Bank Complexity: Is Size Everything?, Accessible Data

Accessible version of figures

In the figures for this note, we represent the organizational structure of each bank as a network of its subsidiaries. Although the structures vary across banks, they do share common characteristics that make them all recognizable as organizational structures. Each network is a composed of multiple clusters, or communities of firms. A cluster is composed of a hub (a single central node with many connections) and other nodes with very few connections--usually a single connection linking it to the hub.

As a physical analog to the appearance of our networks, consider holding a bunch of grapes, still on the stem. The point where multiple stems meet is a hub. The stems connecting hubs will be thicker and more important for holding the entire bunch together. If our goal was to divide a large bunch into smaller portions, we would naturally search for a point where two large stems meet and break it apart. In most of our figures, this most critical point for each bank network is its top-holder--its financial holding company (FHC).

Figure 1: Structural Comparison

Figure 1 is a structural comparison of the networks of Citigroup and Goldman Sachs. On the left in panel A, Citigroup's network of 500 nodes is composed of five main clusters of nodes. Citigroup's FHC is itself a hub within a small cluster and three important edges extend from it to other hubs. Two of these edges, one extending to the left and one extending upward, terminate at the hubs of medium sized clusters. The third connection, extending downward passes through a hub of a medium sized cluster and before terminating at the hub of the largest cluster in the network. On the right in panel B, Goldman Sachs's network of 700 nodes is composed of six main clusters.  The FHC in this structure is a hub of the largest cluster--containing roughly half the nodes in the network--and nearly every node in this cluster is connected directly to the FHC. The hubs of the other five clusters are directly connected to the FHC.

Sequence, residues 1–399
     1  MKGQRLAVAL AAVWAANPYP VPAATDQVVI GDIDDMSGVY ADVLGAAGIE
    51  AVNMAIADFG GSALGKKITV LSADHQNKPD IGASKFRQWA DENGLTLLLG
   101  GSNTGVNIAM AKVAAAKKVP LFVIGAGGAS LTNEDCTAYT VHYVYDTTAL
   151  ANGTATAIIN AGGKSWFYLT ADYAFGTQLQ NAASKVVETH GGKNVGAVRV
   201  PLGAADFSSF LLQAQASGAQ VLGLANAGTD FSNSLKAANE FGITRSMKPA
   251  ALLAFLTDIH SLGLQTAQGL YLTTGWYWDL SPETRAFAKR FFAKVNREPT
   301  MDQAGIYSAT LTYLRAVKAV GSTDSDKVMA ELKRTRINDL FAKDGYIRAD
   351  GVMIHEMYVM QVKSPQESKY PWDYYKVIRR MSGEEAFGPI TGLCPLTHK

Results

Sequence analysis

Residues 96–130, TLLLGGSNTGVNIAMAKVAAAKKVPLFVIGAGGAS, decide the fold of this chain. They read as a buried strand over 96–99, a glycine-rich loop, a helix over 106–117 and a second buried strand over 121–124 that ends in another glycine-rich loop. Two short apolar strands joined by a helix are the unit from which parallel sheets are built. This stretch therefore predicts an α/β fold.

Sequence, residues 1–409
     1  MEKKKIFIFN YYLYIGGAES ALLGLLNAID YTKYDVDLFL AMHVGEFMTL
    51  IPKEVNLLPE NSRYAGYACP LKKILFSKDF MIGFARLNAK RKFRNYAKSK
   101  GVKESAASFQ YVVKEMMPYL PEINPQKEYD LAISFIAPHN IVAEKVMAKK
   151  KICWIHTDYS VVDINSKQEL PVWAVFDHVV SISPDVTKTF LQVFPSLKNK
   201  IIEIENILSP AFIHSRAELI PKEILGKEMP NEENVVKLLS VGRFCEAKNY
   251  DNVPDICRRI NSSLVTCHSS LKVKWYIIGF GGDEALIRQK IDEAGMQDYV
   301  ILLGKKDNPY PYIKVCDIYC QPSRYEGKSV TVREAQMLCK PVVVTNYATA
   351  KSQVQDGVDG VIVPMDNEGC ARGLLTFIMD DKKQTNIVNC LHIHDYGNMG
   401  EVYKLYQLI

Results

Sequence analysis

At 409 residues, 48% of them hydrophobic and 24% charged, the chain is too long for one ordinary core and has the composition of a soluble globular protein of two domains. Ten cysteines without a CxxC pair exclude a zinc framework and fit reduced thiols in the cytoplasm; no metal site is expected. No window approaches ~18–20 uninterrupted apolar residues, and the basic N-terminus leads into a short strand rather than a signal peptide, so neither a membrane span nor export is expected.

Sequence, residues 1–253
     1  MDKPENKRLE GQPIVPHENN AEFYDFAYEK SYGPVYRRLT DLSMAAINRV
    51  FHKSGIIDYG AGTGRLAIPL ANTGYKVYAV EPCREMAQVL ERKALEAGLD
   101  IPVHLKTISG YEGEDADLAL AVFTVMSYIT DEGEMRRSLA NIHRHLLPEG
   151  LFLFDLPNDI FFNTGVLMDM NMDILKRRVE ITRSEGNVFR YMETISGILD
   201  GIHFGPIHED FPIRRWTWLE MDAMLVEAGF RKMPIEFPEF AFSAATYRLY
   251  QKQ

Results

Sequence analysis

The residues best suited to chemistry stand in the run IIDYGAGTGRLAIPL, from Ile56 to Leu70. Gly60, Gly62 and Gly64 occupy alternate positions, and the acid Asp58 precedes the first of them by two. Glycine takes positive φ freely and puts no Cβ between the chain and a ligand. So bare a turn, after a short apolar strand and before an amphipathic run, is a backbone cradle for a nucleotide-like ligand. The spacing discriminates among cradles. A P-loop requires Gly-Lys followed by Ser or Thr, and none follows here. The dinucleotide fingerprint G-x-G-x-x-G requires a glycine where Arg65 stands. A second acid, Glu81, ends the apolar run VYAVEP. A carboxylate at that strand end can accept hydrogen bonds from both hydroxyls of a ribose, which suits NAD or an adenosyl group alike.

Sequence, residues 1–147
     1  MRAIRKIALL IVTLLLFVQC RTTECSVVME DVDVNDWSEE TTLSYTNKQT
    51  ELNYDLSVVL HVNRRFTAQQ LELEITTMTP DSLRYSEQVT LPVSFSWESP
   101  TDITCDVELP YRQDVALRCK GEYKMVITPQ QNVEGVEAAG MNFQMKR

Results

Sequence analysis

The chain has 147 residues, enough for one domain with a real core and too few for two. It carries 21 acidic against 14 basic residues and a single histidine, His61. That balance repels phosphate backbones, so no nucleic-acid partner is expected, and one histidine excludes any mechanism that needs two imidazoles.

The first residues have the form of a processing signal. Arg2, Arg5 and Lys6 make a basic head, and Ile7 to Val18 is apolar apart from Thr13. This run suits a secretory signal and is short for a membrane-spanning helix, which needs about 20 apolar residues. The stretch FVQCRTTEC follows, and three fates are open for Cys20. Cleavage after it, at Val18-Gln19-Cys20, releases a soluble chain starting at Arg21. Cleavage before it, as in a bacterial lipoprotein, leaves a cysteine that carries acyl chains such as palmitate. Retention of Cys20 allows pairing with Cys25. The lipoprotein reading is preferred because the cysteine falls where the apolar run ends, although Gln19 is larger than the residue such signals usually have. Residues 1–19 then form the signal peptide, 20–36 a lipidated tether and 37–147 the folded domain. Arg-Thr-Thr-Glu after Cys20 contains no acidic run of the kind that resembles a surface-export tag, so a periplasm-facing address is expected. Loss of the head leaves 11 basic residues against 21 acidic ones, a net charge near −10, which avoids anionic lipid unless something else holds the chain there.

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Figure 2: Roles in Positions

Figure 2 highlights how similar structural features across banks may imply similar preferences. Panels A and C on the left show State Street's network and panels B and D on the right show that of Bank of New York Mellon. The common feature in panels A and B is the role of the commercial bank as an intermediary between the FHC and an Edge corporation. Panels C and D highlight the role of this feature as a conduit between each bank's domestic and foreign activities.

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Figure 3: Merger and Integration

Figure 3 follows the acquisition of JP Morgan & Company by Chase Manhattan Bank to form JP Morgan Chase & Company. In panel A, the network of JP Morgan & Company is on the left and that of Chase Manhattan Bank is on the right. Both networks have six main clusters that are connected sequentially along a line. Panel B, the quarter after the acquisition, shows that the two previous networks are now connected. It appears as if Chase's network has been crossed over JP Morgan's so that one of their central clusters is now overlapping the other, and the two end-clusters of Chase have been tied together to form a ring. The network in panel C retains the same ring structure as panel B, but the number of nodes has been reduced significantly from 1,138 to 534 and the nodes that remain from the JP Morgan are now mixed thoroughly throughout the ring rather simply overlapping on a single cluster.

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